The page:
Players not punished for crime they didn't commit

The NCAA's punitive system took a major step forward Wednesday when the infractions committee decided to punish Missouri's coaching staff and not the current Tigers players.

Quin Snyder's staff is not allowed to recruit off-campus for a full calendar year, between Nov. 3, 2004 and Nov. 3, 2005, for recruiting violations. Infractions committee chair Thomas Yeager, the commissioner of the Colonial Athletic Association, said a postseason ban was not an option.

Yeager said the infractions committee is often criticized for penalizing current players who had nothing to do with a program's past violations. He said this Missouri case was solely about recruiting, so the program deserved to be penalize on this front.

He's right. Too often the infractions committee, made up of athletic directors, lawyers and a conference commissioner in this case, had punished current players instead of trying to go after their coaches. This penalty is much more of a direct hit on Snyder and his new staff -- former head coaches Melvin Watkins, Jeff Meyer, Jay Spoonhour and Marcus Perez, the one holdover.

The ban on off-campus recruiting had not been used since it was imposed on Illinois in 1990, according to Yeager. The ban means the Tigers won't be able to go to any off-campus event, including the annual summer league events run by Nike, Reebok and adidas next July. The Tigers also won't be able to make home visits in September 2005.

The ban will force the coaches to stay home and work the phones, write letters to, and e-mail recruits. But it won't be as tough a penalty as it could have been, given that the Tigers only have one senior for this season. Missouri could conceivably sign only one player in 2005-06 and don't necessarily have to go on the road to evaluate. They likely already evaluated their high school juniors last July.

"It's always better to make the players come to you," Snyder told ESPN.com on Wednesday night. The Tigers can have recruits make official and unofficial visits to Columbia. "We've got such a great arena, team and staff that we can show. We might have kids come earlier on visits in the spring, rather than the fall."

Snyder said the time that he and the staff will now be spending in Columbia instead of on the road will only benefit his current players.

"We know who we want to recruit [for the class of 2006]," Snyder said. "That's not to say it's not an obstacle. But we do only lose one player in Jason Conley."

Snyder said a postseason ban wouldn't have been warranted., adding that players on his team were recruited the right way. The NCAA, though, did look at excessive phone calls to Conley when he was transferring from VMI.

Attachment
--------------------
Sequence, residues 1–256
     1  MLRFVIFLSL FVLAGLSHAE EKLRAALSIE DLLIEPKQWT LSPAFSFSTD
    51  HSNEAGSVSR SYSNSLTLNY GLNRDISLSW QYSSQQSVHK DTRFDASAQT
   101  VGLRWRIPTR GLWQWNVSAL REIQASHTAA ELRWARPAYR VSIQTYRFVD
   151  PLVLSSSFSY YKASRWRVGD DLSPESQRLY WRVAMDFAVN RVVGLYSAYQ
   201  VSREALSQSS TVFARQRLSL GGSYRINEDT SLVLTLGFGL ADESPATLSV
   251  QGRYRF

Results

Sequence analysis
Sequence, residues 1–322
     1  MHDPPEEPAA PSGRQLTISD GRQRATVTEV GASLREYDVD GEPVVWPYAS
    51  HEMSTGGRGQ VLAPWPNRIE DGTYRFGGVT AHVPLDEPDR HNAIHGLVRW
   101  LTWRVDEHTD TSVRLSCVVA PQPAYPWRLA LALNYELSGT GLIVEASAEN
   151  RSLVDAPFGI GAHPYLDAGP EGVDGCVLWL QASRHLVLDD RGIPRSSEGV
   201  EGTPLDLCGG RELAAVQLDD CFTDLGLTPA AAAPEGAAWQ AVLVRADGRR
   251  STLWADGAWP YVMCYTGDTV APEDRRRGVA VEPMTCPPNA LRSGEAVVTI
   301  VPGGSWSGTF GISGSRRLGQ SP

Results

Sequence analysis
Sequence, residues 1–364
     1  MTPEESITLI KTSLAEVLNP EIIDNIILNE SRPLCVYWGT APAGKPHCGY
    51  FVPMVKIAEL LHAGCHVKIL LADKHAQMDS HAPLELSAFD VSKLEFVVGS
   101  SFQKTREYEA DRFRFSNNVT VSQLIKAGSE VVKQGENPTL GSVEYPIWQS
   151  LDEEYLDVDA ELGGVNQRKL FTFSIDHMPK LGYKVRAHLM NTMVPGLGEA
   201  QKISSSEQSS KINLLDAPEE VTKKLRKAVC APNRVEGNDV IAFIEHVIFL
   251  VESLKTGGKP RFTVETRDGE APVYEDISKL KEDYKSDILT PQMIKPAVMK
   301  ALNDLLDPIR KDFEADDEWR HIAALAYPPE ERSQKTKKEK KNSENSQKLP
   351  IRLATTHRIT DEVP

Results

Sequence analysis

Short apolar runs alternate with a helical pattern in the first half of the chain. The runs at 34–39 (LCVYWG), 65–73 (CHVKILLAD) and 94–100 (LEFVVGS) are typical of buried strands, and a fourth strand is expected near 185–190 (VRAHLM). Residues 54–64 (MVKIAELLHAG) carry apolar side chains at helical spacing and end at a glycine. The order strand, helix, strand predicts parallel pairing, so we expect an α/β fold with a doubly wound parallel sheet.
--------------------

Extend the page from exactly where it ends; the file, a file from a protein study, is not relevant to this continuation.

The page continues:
The penalty isn't harsh, but the intention of the infractions committee was to spare the current players any punishment.

"When I saw the relief in their faces, it made me feel better about moving forward," Snyder said.

Ultimately, the NCAA did not have a case for a postseason ban after it threw out allegations of academic fraud and excessive payments to players. The worst allegation essentially was levied against former associate head coach Tony Harvey for paying for meals of AAU coaches and not properly reporting them on expense reports.

Yeager said a show-cause penalty was discussed for the assistants but decided it wasn't warranted once Missouri essentially forced Harvey out. Assistant coach Lane Odom also was essentially pushed out of his job.

Yeager had strong words for the Missouri staff and, without naming Snyder, said the Tigers "calculated to gain a recruiting advantage."

Snyder said Wednesday that he didn't knowingly commit a violation. He said there was no wrongful intent and that had been his position all along.

But the infractions committee cited Snyder's response to the lack of detail during the hearings as a reason for the penalties.

Snyder said: "… And I was not as hands-on as I think I need to be. I also think, and I don't offer these as excuses, but by way of explanation, I think that is what the question was, do I think it is an aspect of my job that, one, I don't know if I realized how big it was. I think I realized it was important. I didn't realize the magnitude and the level of attention to detail and the emphasis that I needed to place on it as a head coach, to assure that everything is getting tied down, and that there isn't a disconnect …"

That's why Snyder said he takes responsibility for the three-year probation.

"The impact of that will largely be felt by me," Snyder said. "I've got to make sure I'm doing things the right way. [The probation] certainly isn't something you would choose, but if it can make you better and stronger then you should look at it as an opportunity."

Snyder was admonished for not being more careful. For the past year, the Tigers have been under compliance scrutiny on campus. They have to log their phone calls and will continue to do so in the next three years. Snyder said he has increased all of his hands-on, day-to-day administrative duties.

Missouri's case was high profile at the start and got lumped in with the Baylor case in the summer of 2003. But the end result for the Tigers was much more subdued. Yet, the rumors stung the program and certainly damaged Snyder's reputation.

"That's been the hardest thing, cooperating with the process amid so much rumor and innuendos and being forbidden from commenting," Snyder said. "But I'm energized about our future."

The focus is on Snyder now even more. It's off his team. That's the way it should be in a case that didn't have to do with the current players, save the excessive phone calls to one current player. But that was made by the staff, not the player, making the punishment befitting of the crime this time.

Andy Katz is a senior writer at ESPN.com.